It would be more interesting if they didn’t find what everyone already believed but instead found a counter-intuitive relation. You don’t need sophisticated analysis to believe and know their conclusion. It would also be more interesting if they could somehow measure the effect – as in anticipated revenues, reported earnings – of displacement of sales from high legal to low legal countries. That would give an indication of the degree of effectiveness of an embargo and the degree to which arms sales would merely be moved to less lawful locales.

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  5. George from Oregon says:

    Jeeez Another “Conservative Talk Radio Host”! They sprout like mushrooms living in a environment of their own making.

    I think you would do well to check out their financial statements not their stock prices. Stocks move for many reasons. What we need is forensic accounting, not economics. It seems like it would be easy, in just looking at the stock price, to draw false corelations. Just because something seems to “make sense” does not mean that it is anything more than just coincidence.

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  6. George from Oregon says:

    Jeeez Another “Conservative Talk Radio Host”! They sprout like mushrooms living in a environment of their own making.

    I think you would do well to check out their financial statements not their stock prices. Stocks move for many reasons. What we need is forensic accounting, not economics. It seems like it would be easy, in just looking at the stock price, to draw false corelations. Just because something seems to “make sense” does not mean that it is anything more than just coincidence.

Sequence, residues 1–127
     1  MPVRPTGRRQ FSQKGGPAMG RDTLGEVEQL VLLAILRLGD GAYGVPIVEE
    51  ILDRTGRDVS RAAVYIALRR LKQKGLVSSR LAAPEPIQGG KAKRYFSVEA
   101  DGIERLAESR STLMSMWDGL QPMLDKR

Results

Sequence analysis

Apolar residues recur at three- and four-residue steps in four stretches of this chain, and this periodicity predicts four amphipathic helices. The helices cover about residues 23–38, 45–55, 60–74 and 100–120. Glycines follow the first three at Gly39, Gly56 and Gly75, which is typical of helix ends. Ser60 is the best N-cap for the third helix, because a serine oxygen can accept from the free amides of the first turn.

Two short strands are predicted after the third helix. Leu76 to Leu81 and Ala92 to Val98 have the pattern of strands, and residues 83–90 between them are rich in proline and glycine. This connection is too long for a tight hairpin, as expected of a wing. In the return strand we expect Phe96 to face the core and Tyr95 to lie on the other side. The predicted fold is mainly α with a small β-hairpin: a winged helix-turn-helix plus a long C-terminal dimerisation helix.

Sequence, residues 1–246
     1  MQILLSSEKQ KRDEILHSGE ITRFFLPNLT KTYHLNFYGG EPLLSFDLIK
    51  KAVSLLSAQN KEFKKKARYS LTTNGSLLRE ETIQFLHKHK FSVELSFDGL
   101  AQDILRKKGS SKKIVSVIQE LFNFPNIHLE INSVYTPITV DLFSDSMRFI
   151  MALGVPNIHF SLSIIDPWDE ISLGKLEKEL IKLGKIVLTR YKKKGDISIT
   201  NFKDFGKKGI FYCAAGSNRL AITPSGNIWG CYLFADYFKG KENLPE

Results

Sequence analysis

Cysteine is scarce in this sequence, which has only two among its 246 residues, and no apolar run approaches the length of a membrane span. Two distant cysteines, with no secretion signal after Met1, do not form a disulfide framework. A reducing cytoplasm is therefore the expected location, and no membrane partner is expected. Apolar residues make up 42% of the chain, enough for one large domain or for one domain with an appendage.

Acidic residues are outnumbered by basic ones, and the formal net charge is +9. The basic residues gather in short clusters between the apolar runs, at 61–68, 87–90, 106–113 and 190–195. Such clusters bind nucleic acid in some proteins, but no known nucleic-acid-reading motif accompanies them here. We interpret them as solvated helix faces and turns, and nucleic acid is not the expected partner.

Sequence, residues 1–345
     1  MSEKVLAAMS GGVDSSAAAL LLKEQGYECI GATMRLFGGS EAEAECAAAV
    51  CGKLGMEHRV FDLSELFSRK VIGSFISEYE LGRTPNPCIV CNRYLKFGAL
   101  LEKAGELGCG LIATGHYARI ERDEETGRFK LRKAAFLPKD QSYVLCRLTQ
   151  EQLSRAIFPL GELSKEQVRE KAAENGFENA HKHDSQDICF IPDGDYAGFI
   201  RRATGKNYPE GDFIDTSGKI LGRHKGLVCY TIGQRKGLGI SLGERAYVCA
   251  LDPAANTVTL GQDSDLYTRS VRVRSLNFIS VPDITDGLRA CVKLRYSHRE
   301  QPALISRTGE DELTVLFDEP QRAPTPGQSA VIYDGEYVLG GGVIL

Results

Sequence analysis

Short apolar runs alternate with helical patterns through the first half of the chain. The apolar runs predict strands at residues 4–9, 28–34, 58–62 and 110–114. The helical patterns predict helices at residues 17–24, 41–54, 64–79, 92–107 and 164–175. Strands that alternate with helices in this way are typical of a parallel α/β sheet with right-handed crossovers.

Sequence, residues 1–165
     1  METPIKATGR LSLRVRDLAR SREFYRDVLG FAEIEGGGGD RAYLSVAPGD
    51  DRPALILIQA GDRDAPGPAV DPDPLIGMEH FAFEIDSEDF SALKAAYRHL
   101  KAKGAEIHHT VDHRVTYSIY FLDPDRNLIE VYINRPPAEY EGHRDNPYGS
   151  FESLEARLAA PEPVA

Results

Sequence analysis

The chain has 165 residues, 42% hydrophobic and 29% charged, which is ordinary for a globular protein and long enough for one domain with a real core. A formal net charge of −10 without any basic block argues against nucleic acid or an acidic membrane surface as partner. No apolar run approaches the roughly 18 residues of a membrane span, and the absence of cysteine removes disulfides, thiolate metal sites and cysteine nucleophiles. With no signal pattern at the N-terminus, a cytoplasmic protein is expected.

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  7. Chris Jacques says:

    It seems that some people either haven’t read Freakonomics, or missed the point of this blog post.

    Dr. Levitt doesn’t use economics to predict things with precision. Instead, it seems to me that his approach is to explain, or at least explore, events and trends in the past. From these novel observations, one may be able to draw novel conclusions. Of course it’s always possible to draw lessons from the past and apply them to the present, but a good economic thinker would realize that all situations are different, all information is incomplete, and that the past can only be used as the most general of guidelines.

    http://thehmologist.blogspot.com

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  8. Chris Jacques says:

    It seems that some people either haven’t read Freakonomics, or missed the point of this blog post.

    Dr. Levitt doesn’t use economics to predict things with precision. Instead, it seems to me that his approach is to explain, or at least explore, events and trends in the past. From these novel observations, one may be able to draw novel conclusions. Of course it’s always possible to draw lessons from the past and apply them to the present, but a good economic thinker would realize that all situations are different, all information is incomplete, and that the past can only be used as the most general of guidelines.

    http://thehmologist.blogspot.com